CEDAR RAPIDS — The city is not planning to establish a free-standing tourism bureau, Cedar Rapids Mayor Brad Hart said Wednesday during his annual State of the City address.
The office is responsible for booking events that generate $4.2 million in direct spending from visitors, booking 5,484 hotel room nights and securing a number of large-scale business conferences and sports events, according to Hart.
“Frankly, the tourism office is doing such a remarkable job with VenuWorks helping with that,” Hart said. The city pays VenuWorks $6,000 per month to manage the tourism office.
“We have more groups coming to Cedar Rapids than ever before. They are really fired up,” he said. ”And so I don’t think there’s an interest in rocking the boat right now. I think whatever the best practices are, we’re doing it because people are coming from all over the country to Cedar Rapids because of their work.”
The city-run tourism office — formed in October 2018 after GO Cedar Rapids produced a failed music and culture event called “newbo evolve” and folded — is exceeding expectations, Hart said. The office had been pitched as a placeholder while tourism leaders examined best practices and formed a new independent bureau to replace GO Cedar Rapids.
The city pays $750,000 per year into the tourism office, which has a $1.7 million budget proposed for fiscal 2021.
Here are other take-aways from Hart’s annual speech:
• Transit: Student ridership on public transit is up from 88,675 to 129,660 — a 46 percent increase — since the launch of a sponsored free-fare initiative for students and staff at the beginning of the academic year. The city is participating with the Cedar Rapids Community School District, Kirkwood Community College and Coe College so students can ride free year-round.
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“This helps remove barriers many students had experienced, and allows them to participate in school activities and after-school employment,” Hart said. “This program has had an enormous impact on so many students and their families.”
• Streets: Expiration of a voter-approved, local-option sales tax to pay for street repairs is looming.
Paving for Progress has allowed the city to spend about $18 million a year over the past six years on maintenance, repair and reconstruction of streets amounting to 58 miles of upgrades, including 69 percent in residential areas, Hart said. The program is “data-driven and impartial” to keep politics out of planning, he said.
The program began in 2014 and ends in 2024, “unless extended by voters,” Hart said.
• First and First West: Hart called redevelopment of 8 acres of downtown land once reserved for a casino his top infrastructure goal of 2020.
The city needs to “make sure we get the right development on that site,” he said. “It’s such a visible location and there’s so much going on over there already. This needs to complement the investment that’s already being made and continues to be made in that part of the city.”
Applications for repurposing the vacant, city-owned site with “destination-style amenities that create a new attraction” are due this week and the City Council will consider the proposals by April, he said.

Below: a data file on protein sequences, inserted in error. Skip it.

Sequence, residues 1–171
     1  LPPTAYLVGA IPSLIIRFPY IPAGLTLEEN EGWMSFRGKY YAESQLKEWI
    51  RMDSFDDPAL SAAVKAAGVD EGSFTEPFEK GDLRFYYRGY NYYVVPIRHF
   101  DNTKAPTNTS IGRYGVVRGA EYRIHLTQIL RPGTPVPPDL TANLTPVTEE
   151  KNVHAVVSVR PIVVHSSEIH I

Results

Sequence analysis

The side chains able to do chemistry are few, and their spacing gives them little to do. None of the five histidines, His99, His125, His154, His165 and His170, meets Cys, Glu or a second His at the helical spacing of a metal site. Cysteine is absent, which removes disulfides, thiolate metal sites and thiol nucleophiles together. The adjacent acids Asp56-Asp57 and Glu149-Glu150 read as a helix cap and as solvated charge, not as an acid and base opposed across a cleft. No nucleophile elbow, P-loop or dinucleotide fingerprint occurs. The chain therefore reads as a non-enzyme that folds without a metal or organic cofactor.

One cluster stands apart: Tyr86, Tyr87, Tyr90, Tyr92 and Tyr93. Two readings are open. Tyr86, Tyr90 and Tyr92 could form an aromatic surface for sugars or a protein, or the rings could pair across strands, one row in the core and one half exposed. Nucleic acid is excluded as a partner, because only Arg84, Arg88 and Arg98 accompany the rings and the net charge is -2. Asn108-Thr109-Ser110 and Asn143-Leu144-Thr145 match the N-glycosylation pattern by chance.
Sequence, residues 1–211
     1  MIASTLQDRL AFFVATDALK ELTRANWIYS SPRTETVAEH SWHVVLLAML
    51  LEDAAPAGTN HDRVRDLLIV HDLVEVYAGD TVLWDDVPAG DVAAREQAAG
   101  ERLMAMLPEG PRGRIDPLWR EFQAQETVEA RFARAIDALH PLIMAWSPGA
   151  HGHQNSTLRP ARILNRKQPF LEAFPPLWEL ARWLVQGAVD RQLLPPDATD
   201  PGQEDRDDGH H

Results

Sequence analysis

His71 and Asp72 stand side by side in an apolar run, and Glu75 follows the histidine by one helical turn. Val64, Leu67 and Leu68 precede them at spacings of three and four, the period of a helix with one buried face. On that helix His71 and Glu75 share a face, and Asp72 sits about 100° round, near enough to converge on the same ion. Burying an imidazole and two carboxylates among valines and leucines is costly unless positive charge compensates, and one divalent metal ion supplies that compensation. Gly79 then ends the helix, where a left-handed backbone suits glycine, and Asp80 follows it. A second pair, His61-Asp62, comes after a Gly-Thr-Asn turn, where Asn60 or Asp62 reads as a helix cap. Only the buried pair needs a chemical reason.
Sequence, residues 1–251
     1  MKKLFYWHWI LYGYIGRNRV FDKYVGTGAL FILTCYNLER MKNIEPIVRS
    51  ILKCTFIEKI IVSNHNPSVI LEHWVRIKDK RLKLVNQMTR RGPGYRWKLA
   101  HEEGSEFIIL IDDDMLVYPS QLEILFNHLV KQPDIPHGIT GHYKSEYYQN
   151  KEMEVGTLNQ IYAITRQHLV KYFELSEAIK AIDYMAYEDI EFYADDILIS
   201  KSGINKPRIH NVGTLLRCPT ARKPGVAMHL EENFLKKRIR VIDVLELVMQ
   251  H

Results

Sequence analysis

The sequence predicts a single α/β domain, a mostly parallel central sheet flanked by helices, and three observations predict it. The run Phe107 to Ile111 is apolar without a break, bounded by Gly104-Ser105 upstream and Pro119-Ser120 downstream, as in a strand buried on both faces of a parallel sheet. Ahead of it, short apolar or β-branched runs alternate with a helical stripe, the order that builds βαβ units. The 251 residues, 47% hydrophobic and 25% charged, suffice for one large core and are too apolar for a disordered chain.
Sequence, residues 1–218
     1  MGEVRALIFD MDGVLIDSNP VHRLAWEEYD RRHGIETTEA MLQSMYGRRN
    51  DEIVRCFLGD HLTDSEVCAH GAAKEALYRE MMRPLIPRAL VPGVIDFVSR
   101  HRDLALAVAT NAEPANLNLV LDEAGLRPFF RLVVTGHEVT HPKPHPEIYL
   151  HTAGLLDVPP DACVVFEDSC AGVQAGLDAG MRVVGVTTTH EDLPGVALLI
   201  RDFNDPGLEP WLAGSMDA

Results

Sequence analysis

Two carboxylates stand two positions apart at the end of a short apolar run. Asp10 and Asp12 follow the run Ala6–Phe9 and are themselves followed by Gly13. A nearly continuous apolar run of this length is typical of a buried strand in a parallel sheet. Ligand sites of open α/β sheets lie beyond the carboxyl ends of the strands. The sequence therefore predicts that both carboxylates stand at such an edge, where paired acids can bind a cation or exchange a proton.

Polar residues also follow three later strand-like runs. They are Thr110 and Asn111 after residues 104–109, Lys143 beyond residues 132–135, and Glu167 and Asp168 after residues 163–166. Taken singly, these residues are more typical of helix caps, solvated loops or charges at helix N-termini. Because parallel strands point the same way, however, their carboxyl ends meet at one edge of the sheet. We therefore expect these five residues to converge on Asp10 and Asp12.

• Tough votes: Hart reflected on difficult decisions as mayor.
“There have been, and will be, difficult decisions to make, but I’ve learned to trust our decisions, knowing we put in the time and effort to make the right ones, and understanding that even then some people won’t be happy or satisfied,” he said.
Allowing Cargill to build a rail yard in the Rompot neighborhood in the face of vocal resistance was a recent example. After his speech, Hart said that other decisions also in mind were enforcing zoning rules on a wildlife rehabilator operating out of her home and a handful of rezoning cases.
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• Automated traffic cameras: Rather than suggesting traffic cameras are highly popular, which caused backlash after last year’s speech, Hart took a different approach this time, saying simply they are working.
The automated traffic camera program resumed in July after legal challenges leading to a surge of tickets in the initial months. The number of violations has steadily decreased, a sign people are learning to slow down, he said.
“They are working,” he said. “Thank you for slowing down.”
• Downtown ambassadors: A program launched last fall to curb rowdy behavior and promote rules on smoking, drinking and littering in downtown Cedar Rapids will be continued in 2020. The focus has been on Greene Square, the library and the Ground Transportation Center.
• Helmets: Cedar Rapids is bringing back and expanding its electric bike and electric scooter rental program, which saw about 30,000 rides and 5,200 users in its first year. The program is run through a third-party vendor called VeoRide at no cost to the city.
Hart urged people to “wear a helmet when you ride”; however, helmets are not provided or offered when renting the devices and this is not a requirement in the city’s contract with VeoRide.
• Social equity: A new “Social Equity Impact Assessment” is being used by city staff to examine the impact existing or future procedures and programs have on underserved populations, and will help departments understand how programs and decisions can either perpetuate or prevent discrimination, Hart said. The program played a role in the library’s decision to end its late-return fee policy, he said.
• Municipal volunteer program: Cedar Rapids has launched an initiative to boost participation in programs and services, such as the city’s 31 boards or commissions, caretaking at parks or coaching youth sports.
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